Native Hawaiians join Dakota pipeline protests

Star Adverstiser  By Gary Kubota  September 20, 2016

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Some Native Hawaiians have joined thousands of American Indians in protesting the development of the controversial Dakota Access Pipeline.

Dr. Kalamaoka‘aina Niheu, who practices family medicine on Oahu, said she arrived in North Dakota earlier this month and is at the encampment of protesters to help provide health care. “This is my particular contribution,” she said.

Protesters have drawn the support of celebrities and politicians alike, including U.S. Sen. Bernie Sanders.

Niheu said the protesters have developed an extraordinary health network to support the protest.

About a dozen Native Hawaiians were with her in Cannonball, N.D., she said, and there were other Native Hawaiians who have been there and left.

Niheu said the native tribes from this country and elsewhere who have gathered to support the protest realize they’re facing similar problems.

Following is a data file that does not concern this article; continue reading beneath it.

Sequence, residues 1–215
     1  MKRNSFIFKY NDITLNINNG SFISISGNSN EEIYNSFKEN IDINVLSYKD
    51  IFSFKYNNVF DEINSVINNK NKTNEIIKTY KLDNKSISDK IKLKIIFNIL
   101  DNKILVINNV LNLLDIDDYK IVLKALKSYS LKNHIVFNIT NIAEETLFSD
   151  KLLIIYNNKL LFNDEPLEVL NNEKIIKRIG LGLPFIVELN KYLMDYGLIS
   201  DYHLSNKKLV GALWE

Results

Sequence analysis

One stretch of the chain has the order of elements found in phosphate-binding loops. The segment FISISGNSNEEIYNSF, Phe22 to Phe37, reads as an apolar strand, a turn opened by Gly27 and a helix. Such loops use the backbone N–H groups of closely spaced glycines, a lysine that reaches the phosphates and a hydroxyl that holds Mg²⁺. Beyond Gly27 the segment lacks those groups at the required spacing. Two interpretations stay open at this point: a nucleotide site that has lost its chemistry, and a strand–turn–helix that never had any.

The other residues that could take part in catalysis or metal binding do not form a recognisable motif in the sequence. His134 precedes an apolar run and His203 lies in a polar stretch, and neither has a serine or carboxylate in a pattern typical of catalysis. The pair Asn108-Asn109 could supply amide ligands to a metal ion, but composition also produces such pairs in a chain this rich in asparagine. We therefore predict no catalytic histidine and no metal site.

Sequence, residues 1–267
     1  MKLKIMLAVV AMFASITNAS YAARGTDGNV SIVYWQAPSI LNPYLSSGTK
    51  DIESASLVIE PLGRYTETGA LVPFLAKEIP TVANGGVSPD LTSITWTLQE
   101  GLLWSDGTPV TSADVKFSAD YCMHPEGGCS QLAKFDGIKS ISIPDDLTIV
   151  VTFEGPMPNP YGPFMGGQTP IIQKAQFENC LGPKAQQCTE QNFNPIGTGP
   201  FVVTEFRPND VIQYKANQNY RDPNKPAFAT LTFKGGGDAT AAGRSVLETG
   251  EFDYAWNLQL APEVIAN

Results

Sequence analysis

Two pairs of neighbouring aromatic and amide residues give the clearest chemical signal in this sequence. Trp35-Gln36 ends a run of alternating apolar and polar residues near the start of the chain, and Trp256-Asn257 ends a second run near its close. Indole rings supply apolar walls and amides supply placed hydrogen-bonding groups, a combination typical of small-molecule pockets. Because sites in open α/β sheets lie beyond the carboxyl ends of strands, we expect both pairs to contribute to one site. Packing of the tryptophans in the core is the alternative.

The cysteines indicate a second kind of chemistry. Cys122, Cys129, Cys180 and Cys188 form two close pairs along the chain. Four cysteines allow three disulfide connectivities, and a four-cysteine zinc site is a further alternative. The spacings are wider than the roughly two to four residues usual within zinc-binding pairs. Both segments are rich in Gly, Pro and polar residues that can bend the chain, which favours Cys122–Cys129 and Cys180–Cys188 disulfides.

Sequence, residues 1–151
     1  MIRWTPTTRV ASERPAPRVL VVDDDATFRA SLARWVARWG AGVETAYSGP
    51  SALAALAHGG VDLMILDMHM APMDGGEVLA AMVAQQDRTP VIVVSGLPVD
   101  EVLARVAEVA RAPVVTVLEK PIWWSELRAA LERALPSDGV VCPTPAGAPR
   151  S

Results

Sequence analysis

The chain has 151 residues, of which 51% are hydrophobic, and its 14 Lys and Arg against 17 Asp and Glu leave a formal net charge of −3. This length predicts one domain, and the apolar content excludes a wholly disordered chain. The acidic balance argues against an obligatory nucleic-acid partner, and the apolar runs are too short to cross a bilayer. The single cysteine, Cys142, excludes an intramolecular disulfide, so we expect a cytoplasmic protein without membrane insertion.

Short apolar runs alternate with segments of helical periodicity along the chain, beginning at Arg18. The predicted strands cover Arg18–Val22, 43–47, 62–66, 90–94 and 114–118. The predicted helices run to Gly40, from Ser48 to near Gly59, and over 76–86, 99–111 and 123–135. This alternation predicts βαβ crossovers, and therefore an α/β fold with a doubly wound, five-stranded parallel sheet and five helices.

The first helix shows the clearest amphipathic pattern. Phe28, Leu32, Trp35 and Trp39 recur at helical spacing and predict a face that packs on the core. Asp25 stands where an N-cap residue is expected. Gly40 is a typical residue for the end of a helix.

“They are here to make a stand for their place and their homes,” she said. “It’s unprecedented. This is tremendous. It’s historical.”

She said the protest has been nonviolent and there have been about 60 arrests since April.

“People have been physically blocking construction,” she said.

American Indians, including the Standing Rock Sioux tribe in North Dakota, have opposed the development of the pipeline through tribal lands, saying it threatens water resources and would desecrate burial grounds.

Michael Kyser Jr. said he and some of the others in North Dakota were among the protesters atop Hawaii island’s Mauna Kea opposing the development of the Thirty Meter Telescope. Some American Indians now protesting in North Dakota traveled to Hawaii to support the TMT opponents, he said.

Temperatures have been in the 60s during the day and in the 40s at night and are expected to become colder as winter approaches.

Kyser, who has been at the encampment since Aug. 20, said he’s ready. “I’ve got my winter gear here,” he said.

Construction for now has been halted 20 miles on either side of the Missouri River but is continuing elsewhere near Bismarck, N.D., where protesters are getting arrested, Kyser said.

The federal review stalling construction will likely be completed within weeks.

Justice Department attorney James Gette indicated the possible timing of the review at a Friday hearing in a federal court in Washington. Work on the 1,172-mile pipeline continues to be stalled after the Obama administration said it wouldn’t authorize construction on a portion of federal land near Lake Oahe in North and South Dakota until further review.

The move came after U.S. District Judge James Boasberg denied the Standing Rock Sioux tribe’s request for an injunction to prevent work.